The bull is one of the most symbolically complex animal images. Bulls can symbolize many things, from strength and power to fertility and impulsiveness. Body art featuring the bull can likewise symbolize a whole wealth of different concepts, depending on the tattoo bearer's intentions.
Bulls are, of course, male cattle, which were among the first animals domesticated by man during the development of agriculture. Over the millennium bulls have performed many tasks for mankind, from a source of power for construction and farming to a fundamental component of many cultures food supply. It is the tight association between the origins of civilization (power for construction, food to supply increasing populations of stationary gatherings) that lends the bull much of its symbolic stature.
The bull is a powerful creature, bent to human needs, in many ways symbolizing the conquering of nature by human ingenuity. However, the bull is still a strong and dangerous animal, renown for its stubbornness and intractability. This combination of usefulness and power made them the ideal sacrificial animal in ancient religious rites. All through the Mediterranean, the Ancients sacrificed bulls to their gods on ritual days, considering them the most potent expression of submission before the gods. The Greeks, Romans, Egyptians and Babylonians all considered the bull to be one of the most powerful creatures in the world, tied to fertility and the progression of the seasons. Tattoos featuring bulls are often echoes of the spiritual role the bull once played.
Another symbolic aspect of the bull is its virility and ferocity. A bull in a rage is a terrifying sight, representing lust and destructive intent. Tattoos of bulls can symbolically transfer some of this virility to its bearer, or represent his or her prowess in physical matters. Bull fighting and riding are ancient traditions that have continued, more or less uninterrupted, for thousands of years. The modern rodeo draws on historical activities that would have been common in Ancient Greece, and Spanish bullfighting is a descendant bull cults in ancient Crete.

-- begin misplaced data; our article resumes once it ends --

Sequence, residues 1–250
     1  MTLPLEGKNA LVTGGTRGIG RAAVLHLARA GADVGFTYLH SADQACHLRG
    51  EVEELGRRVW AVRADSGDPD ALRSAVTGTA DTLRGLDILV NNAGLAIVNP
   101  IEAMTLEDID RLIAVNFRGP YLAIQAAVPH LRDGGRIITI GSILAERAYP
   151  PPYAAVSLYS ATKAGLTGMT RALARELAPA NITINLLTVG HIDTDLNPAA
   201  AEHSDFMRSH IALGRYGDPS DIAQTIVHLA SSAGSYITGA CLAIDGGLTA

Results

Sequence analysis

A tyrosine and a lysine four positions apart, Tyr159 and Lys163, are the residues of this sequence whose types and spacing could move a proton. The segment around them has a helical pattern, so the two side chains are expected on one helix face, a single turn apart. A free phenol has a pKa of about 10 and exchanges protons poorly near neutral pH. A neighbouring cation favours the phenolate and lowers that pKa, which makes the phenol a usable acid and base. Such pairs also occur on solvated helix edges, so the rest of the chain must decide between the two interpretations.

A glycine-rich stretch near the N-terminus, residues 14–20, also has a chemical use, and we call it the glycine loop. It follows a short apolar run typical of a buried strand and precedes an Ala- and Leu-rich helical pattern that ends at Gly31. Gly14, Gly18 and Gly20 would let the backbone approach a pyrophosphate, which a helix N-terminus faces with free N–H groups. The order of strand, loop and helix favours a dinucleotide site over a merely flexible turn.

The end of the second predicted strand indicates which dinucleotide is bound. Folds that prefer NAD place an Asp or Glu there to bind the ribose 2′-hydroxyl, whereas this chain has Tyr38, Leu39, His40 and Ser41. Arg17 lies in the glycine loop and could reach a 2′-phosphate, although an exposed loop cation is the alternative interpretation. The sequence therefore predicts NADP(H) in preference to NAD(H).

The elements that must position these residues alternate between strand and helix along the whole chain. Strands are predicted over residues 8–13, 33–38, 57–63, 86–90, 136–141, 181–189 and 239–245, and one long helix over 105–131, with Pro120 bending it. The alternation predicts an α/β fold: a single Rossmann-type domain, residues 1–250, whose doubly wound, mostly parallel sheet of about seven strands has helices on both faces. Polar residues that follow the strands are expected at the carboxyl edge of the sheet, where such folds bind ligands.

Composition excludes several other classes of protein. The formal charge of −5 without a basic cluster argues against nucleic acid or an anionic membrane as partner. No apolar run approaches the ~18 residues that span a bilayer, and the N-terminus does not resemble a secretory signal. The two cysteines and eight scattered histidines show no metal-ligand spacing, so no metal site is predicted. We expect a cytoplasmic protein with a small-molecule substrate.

Non-European cultures have a whole wealth of symbolism surrounding the bull as well. In India, with its predominantly Hindu population, bulls are revered as symbols of strength and fertility. Cows are sacred in India, so it's no surprise that bulls are considered somewhat important, but part of the Hindu creation myth is based around a heavenly bull named Rudra who fertilized the world. Many other gods either have bull aspects to them or are associated with bulls in some manner or another.
The powerful roar of a bull has long been connected with thunder, with several gods of thunder in different religious traditions having bull companions or even being partially bull themselves. Often mythical bulls were the source of thunder directly, trampling through the sky, with the thunder created by their hooves and bellows.